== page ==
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Sunday, April 22, 2012

How will we stay rich?

Not many of us feel rich, but that's partly to do with who we have around us. Compared to most of the world, we are hugely well-off.

Let's make the comparison a little fairer. What matters is not only how much money we have, but what we can buy with it locally: this is known as "purchasing power parity" (PPP). So, here is a graph of the GDP per person (in PPP terms) of the most populous nations on Earth; I also include bars for the European Union and the world average (click to enlarge):


The vertical axis is in multiples of world average GDP: 11,800 US dollars. You see that the USA is four times as wealthy, Germany and the UK three times, and even Italy and Spain are doing terribly well, for now. Until recently, Greece (not shown) wasn't far behind Italy.

My question is, what's keeping us there?

If these countries were a series of locks on a canal, and all the gates were opened at the same time, you'd expect a lot of turbulence and then a settling-down to a uniform level throughout. We have world trade, so why shouldn't national wealth average out across the globe?

It is perfectly possible for neighbouring countries to have extreme disparities in per capita income - here's the two Koreas, separated only by a demilitarized zone around the 38th parallel:

Clearly the economic divide here is largely owing to very different economic and political systems. North Korea may not really be a threat to the world, but it's certainly a threat to its own unfortunate citizens, 150,000 of whom are kept in labour camps in scarcely believable misery. So yes, that inequality can be maintained given sufficient vigour and brutality on behalf of its rulers, who must continue to oppress because they have a tiger by the tail and a moment's weakness will finish them.

At $1,800 per capita, North Korea is far from the poorest country, according to the CIA World Factbook: Bangladesh, Kenya, Zambia and 30 other nations (mostly African) have less, bottoming out with the Congo at $300 (i.e. spending power about 82 cents a day).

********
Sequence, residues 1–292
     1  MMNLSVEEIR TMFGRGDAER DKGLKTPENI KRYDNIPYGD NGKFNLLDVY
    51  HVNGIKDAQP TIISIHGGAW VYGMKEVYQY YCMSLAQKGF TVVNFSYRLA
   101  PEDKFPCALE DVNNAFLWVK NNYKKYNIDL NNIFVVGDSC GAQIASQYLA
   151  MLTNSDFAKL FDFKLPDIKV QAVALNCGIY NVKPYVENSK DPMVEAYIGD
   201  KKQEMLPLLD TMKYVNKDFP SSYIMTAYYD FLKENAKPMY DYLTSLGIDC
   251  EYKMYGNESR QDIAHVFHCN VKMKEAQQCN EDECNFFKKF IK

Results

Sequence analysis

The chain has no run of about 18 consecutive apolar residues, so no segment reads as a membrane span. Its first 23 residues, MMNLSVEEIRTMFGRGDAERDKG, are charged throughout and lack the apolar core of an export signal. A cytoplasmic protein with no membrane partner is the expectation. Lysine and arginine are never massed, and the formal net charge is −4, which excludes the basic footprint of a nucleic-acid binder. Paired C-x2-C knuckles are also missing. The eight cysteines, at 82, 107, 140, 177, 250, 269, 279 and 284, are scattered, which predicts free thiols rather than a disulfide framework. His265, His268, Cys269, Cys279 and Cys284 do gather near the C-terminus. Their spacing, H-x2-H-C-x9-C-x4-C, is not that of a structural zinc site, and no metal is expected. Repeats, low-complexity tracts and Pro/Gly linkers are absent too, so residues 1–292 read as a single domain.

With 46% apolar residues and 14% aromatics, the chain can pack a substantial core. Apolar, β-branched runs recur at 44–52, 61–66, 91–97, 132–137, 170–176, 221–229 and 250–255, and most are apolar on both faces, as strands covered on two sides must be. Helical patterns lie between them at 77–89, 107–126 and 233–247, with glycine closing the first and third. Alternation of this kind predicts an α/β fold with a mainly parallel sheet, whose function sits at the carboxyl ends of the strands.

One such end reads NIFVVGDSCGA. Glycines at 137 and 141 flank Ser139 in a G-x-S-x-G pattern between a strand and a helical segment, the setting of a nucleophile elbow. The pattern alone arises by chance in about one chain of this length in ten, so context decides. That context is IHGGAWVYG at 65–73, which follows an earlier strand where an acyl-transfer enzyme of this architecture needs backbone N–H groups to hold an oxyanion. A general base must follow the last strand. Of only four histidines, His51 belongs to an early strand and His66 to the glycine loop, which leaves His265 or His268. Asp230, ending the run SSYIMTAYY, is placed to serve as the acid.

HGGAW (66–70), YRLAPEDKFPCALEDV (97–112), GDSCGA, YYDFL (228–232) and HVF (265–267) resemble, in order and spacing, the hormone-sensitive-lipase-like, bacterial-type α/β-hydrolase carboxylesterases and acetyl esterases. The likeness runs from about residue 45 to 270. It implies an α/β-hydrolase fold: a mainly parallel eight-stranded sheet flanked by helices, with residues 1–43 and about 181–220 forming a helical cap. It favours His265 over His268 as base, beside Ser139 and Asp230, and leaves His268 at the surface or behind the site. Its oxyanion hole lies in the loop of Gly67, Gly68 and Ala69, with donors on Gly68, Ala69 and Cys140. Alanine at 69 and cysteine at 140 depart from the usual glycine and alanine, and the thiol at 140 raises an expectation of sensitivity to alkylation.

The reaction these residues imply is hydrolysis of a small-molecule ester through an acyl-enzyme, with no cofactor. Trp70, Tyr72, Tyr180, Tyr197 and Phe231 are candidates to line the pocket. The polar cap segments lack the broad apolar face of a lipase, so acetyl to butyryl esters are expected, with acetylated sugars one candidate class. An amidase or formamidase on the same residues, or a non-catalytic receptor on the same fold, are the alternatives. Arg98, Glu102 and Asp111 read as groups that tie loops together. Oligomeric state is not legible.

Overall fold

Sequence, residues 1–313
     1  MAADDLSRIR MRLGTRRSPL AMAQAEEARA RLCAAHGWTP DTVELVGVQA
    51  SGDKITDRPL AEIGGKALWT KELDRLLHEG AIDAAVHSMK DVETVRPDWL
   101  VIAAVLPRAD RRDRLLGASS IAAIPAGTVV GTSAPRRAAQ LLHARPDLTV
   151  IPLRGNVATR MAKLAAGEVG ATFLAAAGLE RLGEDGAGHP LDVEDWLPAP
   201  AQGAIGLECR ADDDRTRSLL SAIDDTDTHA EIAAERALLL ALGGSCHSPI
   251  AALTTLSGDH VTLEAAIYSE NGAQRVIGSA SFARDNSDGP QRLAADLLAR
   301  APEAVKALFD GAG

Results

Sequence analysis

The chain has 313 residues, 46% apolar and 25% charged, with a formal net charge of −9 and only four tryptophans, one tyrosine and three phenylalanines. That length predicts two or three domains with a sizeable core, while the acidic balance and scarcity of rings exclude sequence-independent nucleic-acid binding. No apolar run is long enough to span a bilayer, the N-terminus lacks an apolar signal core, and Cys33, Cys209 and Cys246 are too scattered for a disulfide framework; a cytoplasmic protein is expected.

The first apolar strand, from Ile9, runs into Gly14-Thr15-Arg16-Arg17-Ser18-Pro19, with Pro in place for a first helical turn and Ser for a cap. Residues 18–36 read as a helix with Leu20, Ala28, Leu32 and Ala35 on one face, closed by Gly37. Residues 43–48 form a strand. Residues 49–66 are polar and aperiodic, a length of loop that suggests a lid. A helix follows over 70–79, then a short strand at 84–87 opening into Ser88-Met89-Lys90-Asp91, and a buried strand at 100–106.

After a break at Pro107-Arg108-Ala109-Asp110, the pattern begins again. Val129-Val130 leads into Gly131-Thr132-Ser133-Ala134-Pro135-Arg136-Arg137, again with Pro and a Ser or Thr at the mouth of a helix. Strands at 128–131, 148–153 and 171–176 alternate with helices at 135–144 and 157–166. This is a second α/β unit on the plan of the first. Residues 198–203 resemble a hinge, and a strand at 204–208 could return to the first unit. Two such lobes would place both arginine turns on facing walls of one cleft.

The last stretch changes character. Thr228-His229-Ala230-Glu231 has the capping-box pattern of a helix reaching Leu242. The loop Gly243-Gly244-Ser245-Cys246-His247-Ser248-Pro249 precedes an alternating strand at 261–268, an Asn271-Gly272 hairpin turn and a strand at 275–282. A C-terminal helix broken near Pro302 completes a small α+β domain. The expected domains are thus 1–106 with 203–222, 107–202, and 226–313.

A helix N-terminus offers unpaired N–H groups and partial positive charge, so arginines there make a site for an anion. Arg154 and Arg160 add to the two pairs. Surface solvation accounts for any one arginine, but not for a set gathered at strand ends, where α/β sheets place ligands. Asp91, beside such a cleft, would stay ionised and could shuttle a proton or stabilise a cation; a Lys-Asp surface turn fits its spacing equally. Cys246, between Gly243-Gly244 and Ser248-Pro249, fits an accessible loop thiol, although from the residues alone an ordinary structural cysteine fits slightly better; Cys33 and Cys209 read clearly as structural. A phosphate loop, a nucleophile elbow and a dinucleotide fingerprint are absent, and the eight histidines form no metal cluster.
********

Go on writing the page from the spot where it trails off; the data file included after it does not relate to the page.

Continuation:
But what, other than military dictatorships and civil and international war, accounts for some countries' failure to rise, and what prevents our own standard of living from falling?

Do we work harder?
Are we cleverer?
Are we - will we remain - better educated?
Do we have better and wiser rulers? Do they rule in the nation's interest?
Do we have special knowledge that nobody else can duplicate?
Is our basis of industrial skills thriving?
Are we using our human resources - our talented people - to best effect, in the best sectors of the economy?
Is it easy for our enterprising people to start up and run businesses?
Can we trust our money, and our banks?
Can we live forever off our patents - will they always be ours, and their validity accepted everywhere?
Are we blessed with inexhaustible natural resources?
Are we militarily strong enough to dictate terms of trade and hold everyone else down?

Not enough "yes" answers to the above, I fear.

7 comments:

Sobers said...

A few years ago I travelled round first India (in 2004) and a year or so later China. Purely as a tourist. And the thing that struck me was 'How come these people are so industrious, and hard working, and are so poor (in general) and we in the UK are so lazy, indolent and flabby, yet are so rich?'

And I couldn't get an answer to that, other than we have historic capital that they don't. We have the infrastructure already bought and paid for. India particularly doesn't. China is getting there in spades - the number of shiny new airports and railways and motorways is amazing.

And the logical conclusion I came to was that at some point our standard of living would have to fall to that that we can actually afford, not the one we would like, and have financed for the last decade mostly on tick.